The Australian dollar weakened against other major currencies in the Asian session on Thursday, after data showed that the private capital expenditure in Australia dropped unexpectedly on quarter in the fourth quarter of 2016.
Data from the Australian Bureau of Statistics showed that the private capital expenditure in Australia was down a seasonally adjusted 2.1 percent on quarter in the fourth quarter of 2016, coming in at A$27.579 billion. The headline figure missed expectations for a fall of 0.5 percent following the 4.0 percent decline in the three months prior.
Capex for buildings and structures fell 4.1 percent on quarter and 25.5 percent on year to A$15.314 billion.
Meanwhile, Asian stock markets traded lower, following the mixed cues overnight from Wall Street after minutes of the Federal Reserve’s latest monetary policy meeting said it might be appropriate to raise interest rates again “fairly soon” if the data is in line or stronger than expectations. In addition, weaker commodity prices weighed on resources stocks.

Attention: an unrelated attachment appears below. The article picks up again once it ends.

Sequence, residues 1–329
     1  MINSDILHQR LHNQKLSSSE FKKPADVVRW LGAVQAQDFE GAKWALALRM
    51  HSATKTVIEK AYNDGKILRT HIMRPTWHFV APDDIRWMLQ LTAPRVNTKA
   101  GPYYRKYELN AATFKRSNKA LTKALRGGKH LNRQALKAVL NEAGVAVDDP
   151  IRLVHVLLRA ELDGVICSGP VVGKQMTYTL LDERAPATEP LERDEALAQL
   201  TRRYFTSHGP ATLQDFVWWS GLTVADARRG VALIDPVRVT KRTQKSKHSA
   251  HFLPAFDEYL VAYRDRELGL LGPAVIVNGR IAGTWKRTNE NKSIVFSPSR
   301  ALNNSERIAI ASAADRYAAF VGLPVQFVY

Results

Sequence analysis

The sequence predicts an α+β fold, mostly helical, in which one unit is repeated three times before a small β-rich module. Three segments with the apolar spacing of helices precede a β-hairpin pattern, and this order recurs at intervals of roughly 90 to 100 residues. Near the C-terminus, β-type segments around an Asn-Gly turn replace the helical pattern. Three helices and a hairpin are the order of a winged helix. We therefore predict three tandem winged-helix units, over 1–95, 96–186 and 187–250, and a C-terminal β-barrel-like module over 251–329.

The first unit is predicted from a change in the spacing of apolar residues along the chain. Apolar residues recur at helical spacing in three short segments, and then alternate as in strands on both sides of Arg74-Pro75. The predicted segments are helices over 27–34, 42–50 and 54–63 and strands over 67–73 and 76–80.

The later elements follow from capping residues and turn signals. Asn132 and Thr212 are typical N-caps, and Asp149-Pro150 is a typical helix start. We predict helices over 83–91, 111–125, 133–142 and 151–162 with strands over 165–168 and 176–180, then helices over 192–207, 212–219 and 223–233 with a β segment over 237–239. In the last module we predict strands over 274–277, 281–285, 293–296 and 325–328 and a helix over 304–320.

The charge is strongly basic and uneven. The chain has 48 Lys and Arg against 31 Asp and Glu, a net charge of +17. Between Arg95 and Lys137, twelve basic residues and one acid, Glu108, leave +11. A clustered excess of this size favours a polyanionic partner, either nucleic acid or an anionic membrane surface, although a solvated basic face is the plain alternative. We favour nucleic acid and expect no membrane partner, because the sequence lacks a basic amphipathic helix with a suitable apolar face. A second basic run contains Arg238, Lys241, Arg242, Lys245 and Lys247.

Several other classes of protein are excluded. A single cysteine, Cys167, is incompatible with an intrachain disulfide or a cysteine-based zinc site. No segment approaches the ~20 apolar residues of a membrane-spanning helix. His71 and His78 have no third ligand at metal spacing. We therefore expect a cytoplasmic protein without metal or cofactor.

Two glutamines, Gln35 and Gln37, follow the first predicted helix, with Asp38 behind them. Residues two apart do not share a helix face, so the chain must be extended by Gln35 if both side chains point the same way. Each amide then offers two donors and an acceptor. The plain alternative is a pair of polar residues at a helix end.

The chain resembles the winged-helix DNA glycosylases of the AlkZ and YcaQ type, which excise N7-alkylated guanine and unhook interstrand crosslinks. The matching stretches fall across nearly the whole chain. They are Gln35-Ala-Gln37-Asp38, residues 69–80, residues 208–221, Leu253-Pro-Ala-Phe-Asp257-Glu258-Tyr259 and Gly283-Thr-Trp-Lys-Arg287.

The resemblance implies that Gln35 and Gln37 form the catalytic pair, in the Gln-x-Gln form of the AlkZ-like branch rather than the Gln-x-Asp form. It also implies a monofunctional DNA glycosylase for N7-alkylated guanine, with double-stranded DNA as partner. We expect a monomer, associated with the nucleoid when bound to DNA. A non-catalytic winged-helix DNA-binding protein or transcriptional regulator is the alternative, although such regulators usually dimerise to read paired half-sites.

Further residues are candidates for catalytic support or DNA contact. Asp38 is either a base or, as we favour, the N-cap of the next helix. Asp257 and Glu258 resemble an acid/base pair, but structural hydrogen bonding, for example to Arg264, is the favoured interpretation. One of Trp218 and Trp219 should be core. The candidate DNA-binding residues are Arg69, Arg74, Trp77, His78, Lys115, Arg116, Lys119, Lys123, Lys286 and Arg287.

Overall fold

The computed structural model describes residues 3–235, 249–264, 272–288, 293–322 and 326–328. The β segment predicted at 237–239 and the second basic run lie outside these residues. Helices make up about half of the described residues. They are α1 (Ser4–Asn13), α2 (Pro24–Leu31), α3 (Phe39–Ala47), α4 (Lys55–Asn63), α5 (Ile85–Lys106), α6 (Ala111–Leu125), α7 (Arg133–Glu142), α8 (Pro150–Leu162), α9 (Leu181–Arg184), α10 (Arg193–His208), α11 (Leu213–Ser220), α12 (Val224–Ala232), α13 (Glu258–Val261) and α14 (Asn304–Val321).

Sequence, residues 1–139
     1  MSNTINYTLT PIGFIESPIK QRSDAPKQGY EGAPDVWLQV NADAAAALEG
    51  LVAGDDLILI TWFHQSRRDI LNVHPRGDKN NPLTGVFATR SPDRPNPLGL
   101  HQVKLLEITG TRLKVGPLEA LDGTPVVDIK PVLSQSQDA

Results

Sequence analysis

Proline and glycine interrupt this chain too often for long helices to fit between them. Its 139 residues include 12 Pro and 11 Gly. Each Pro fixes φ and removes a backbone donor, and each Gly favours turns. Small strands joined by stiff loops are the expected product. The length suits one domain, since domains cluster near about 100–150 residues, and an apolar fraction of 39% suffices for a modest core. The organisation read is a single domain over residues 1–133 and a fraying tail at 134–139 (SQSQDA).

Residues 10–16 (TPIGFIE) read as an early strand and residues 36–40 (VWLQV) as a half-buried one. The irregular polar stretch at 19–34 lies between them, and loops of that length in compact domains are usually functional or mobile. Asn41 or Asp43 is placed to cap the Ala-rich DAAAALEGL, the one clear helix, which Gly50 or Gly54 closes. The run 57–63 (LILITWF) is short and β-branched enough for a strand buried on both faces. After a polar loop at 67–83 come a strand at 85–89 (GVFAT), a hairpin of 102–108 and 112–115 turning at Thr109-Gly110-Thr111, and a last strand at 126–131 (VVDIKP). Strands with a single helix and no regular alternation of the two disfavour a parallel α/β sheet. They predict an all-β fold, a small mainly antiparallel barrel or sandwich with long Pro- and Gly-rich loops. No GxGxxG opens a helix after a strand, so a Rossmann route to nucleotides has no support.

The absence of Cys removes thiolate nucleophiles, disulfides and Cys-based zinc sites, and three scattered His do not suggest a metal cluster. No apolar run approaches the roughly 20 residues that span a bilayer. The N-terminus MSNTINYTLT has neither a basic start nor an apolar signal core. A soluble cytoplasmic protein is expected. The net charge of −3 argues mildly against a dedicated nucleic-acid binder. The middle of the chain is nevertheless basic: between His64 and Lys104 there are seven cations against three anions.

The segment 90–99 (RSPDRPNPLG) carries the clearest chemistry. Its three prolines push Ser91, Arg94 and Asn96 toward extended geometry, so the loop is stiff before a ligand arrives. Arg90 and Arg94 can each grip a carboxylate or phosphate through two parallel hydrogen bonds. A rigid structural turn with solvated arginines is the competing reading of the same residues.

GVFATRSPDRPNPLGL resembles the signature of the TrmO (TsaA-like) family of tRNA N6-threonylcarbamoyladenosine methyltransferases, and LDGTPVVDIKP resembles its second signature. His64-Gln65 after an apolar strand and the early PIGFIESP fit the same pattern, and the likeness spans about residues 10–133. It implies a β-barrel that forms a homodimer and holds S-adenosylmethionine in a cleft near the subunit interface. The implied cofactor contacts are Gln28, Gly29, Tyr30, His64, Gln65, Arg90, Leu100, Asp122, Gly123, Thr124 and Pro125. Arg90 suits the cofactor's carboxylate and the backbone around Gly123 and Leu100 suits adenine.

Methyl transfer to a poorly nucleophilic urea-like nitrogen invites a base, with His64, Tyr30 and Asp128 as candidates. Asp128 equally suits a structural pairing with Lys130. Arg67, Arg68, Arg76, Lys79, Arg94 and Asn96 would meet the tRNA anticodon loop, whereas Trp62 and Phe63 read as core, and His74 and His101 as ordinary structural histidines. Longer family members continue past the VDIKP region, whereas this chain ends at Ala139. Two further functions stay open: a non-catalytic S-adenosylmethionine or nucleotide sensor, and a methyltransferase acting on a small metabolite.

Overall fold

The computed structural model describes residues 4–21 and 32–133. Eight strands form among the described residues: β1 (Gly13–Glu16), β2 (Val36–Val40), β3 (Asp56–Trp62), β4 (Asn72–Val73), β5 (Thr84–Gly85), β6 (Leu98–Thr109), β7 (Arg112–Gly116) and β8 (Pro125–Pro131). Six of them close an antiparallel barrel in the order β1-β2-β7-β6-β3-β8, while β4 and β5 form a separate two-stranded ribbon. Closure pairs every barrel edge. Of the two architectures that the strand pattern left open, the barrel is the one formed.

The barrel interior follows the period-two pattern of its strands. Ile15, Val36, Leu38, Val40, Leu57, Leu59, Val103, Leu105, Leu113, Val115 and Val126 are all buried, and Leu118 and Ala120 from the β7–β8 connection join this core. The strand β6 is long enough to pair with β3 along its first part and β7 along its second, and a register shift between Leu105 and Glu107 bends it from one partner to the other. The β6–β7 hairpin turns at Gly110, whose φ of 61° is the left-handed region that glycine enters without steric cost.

Investors are also taking profits as the corporate earnings season winds down.
Wednesday, the Australian dollar had risen 0.31 percent against the U.S. dollar, 0.08 percent against the yen, 0.08 percent against the euro, 0.49 percent against the loonie and 0.10 percent against the kiwi.
In the Asian trading session, the Australian dollar fell to a 3-day low of 1.0663 against the NZ dollar, from yesterday’s closing value of 1.0710. The aussie may test support around the 1.04 area.
Against the euro and the U.S. dollar, the aussie dropped to 2-day lows of 1.3763 and 0.7665 from yesterday’s closing quotes of 1.3711 and 0.7702, respectively. If the aussie extends its downtrend, it is likely to find support around 1.40 against the euro and 0.75 against the greenback.
Against the Canadian dollar and the yen, the aussie slipped to 1.0088 and 86.77 from yesterday’s closing quotes of 1.0135 and 87.27, respectively. The aussie is likely to find support…